Home Care Supports Our Senior Neighbors
August 4, 2015, Is National Night Out
Does your neighborhood participate in National Night Out? Each year on the first Tuesday of August, neighbors come together to hold block parties, barbecues and even parades. Sponsored by the National Association of Town Watch, National Night Out was designed to promote safety and crime prevention—and it also has proven to be a great way for neighbors to get to know each other better.
Safety isn't the only benefit of having a relationship with those who live around us. University of Michigan researcher Eric Kim recently published a pair of studies examining the health benefits of a friendly neighborhood. Said Kim, "Studies in the past have typically looked at a neighborhood's physical environment and its association with health. We looked at the social environment." The first study, which appeared in the Journal of Epidemiology & Community Health, found that congenial, supportive neighborhoods reduce the risk of heart attack for those who live there. The second study found that seniors who feel connected to their neighbors have a lower risk of stroke.
Sadly, many of our neighborhoods are less friendly than they used to be. People relocate more frequently these days. We spend more of our leisure time in front of the TV or computer screen—indeed, we might see our neighbors more on Facebook than in person! We no longer spend warm summer evenings on the front porch, but instead hole up in air-conditioning. Worried about crime, people build taller fences and keep their doors and windows closed. Children are less likely to roam the neighborhood freely.
This is why in many American communities, older residents provide a neighborhood's sense of continuity and community. These elders keep an eye on things during the day when most folks are at work. They greet new neighbors and share neighborhood histories. In turn, neighbors often step in to help neighborhood seniors. A teen might mow the lawn or shovel snow; another neighbor might provide a ride for an elder who can no longer drive. Neighbors check up on elders when there's an emergency. When a senior suffers a health crisis, it is often a neighbor who contacts their adult children or the local senior services agency.
But as seniors experience a decline in physical or cognitive health, they often need more help than neighbors are able to provide. Sometimes moving to an assisted living facility, nursing home or other senior living community is the best choice. Yet most seniors—up to 90 percent, according to the AARP—would prefer to receive care at home, among familiar faces and surroundings.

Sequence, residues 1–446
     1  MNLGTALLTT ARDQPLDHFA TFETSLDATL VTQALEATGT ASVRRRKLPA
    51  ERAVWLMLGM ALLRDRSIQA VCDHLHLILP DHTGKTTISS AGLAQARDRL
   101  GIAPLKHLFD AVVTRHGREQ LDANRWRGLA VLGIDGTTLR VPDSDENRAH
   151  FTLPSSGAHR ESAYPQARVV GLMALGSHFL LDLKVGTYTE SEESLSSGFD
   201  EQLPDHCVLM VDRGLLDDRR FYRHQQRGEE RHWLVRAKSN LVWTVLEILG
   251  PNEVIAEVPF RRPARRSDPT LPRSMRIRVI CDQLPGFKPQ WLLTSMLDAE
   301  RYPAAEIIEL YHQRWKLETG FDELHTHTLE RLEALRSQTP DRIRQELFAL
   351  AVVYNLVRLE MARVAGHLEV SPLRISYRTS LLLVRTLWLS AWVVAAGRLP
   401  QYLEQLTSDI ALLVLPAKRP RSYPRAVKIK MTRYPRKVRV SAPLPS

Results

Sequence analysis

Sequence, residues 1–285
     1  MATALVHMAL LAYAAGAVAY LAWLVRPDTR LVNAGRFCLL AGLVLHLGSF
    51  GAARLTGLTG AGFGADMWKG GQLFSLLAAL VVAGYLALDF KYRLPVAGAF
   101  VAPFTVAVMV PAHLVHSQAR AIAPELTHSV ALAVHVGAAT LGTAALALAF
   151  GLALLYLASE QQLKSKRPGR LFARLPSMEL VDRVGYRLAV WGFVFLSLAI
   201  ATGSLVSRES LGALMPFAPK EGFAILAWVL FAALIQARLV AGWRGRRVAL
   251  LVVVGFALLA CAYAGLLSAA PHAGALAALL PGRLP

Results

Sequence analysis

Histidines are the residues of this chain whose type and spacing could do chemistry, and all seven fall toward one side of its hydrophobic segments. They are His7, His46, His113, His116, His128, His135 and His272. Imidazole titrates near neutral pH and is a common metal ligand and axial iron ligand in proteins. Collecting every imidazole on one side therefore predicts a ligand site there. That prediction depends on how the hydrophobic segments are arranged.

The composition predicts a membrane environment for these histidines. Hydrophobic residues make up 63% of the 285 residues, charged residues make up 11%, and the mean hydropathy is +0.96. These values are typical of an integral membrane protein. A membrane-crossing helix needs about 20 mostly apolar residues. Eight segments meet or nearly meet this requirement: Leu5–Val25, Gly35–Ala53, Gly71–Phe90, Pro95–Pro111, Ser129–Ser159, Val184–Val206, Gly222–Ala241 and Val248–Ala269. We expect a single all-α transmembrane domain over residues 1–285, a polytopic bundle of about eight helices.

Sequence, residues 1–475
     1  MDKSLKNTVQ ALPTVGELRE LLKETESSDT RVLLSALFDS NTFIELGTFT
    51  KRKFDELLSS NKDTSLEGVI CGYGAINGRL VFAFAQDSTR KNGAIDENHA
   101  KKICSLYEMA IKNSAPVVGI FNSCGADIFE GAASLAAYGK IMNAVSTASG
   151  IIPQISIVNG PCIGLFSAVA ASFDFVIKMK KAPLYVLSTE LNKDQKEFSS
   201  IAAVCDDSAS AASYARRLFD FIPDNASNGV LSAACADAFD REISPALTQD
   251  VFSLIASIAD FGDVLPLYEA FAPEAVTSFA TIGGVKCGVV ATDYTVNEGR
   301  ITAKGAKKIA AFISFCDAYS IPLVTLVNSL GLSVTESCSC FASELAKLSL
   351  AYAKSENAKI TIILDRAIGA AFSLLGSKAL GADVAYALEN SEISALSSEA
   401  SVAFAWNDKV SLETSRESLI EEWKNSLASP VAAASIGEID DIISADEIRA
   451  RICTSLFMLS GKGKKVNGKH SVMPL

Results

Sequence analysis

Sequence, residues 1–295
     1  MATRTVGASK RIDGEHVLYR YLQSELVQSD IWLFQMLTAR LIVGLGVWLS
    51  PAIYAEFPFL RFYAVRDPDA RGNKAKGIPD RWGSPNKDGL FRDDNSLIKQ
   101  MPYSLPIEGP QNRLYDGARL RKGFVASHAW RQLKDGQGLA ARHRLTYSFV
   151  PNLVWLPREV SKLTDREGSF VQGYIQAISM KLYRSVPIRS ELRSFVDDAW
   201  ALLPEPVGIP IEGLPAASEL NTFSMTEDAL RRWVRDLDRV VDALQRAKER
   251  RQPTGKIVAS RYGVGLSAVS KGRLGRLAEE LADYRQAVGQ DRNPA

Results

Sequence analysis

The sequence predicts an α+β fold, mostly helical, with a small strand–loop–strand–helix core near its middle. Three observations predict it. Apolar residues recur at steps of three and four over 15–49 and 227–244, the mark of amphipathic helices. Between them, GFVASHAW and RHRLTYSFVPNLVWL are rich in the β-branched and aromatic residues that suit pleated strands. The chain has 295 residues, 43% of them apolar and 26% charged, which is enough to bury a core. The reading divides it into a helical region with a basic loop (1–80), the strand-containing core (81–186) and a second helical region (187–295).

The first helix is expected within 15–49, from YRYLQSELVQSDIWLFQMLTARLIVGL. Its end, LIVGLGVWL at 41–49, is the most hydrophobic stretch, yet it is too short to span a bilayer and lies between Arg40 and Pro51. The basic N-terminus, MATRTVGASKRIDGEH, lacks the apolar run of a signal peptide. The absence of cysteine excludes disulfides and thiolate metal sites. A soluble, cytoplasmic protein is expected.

Resources are available to support these seniors who choose to age in place. Home modifications can make the house or apartment more functional and safe for a resident with mobility or sensory challenges. Communities offer support services such as senior centers, chore services, accessible transportation and meal delivery programs. And for many seniors, in-home care is the key to remaining safe and well-cared for in their familiar environment. Professional in-home caregivers provide a variety of services for community-dwelling seniors:
Housekeeping. A home that is no longer kept up often is the first sign that a senior is having trouble living independently. In-home caregivers keep the home clean and in good order by vacuuming, dusting, cleaning floors, organizing drawers and closets, and removing hazards that could cause a debilitating fall. A tidy home makes anyone more confident to receive a visit from neighbors.
Personal care and nutrition. In-home caregivers assist with bathing, dressing, grooming and laundry, so clients feel confident and at their best both at home and around the neighborhood. Caregivers also go to the grocery store and prepare meals for clients—perhaps helping clients host a luncheon gathering or other get-together of neighbors.
Transportation. Seniors who no longer drive can become isolated. They might find themselves relying more on neighbors for a ride—and this is a situation that can have many pitfalls. Professional caregivers provide transportation to doctor appointments and the pharmacy, the client's faith community, shopping centers and other outings that keep clients active and engaged.
Peace of mind for everyone. We're often reminded that in-home care provides reassurance for families. Don't forget that neighbors worry, too! Greeting a neighborhood senior who's out for a walk with a caring helper gives neighbors a good feeling about the well-being of their valued community member.
For information on topics related to home care and healthcare, visit our Home Care and Healthcare Advocacy group on LinkedIn.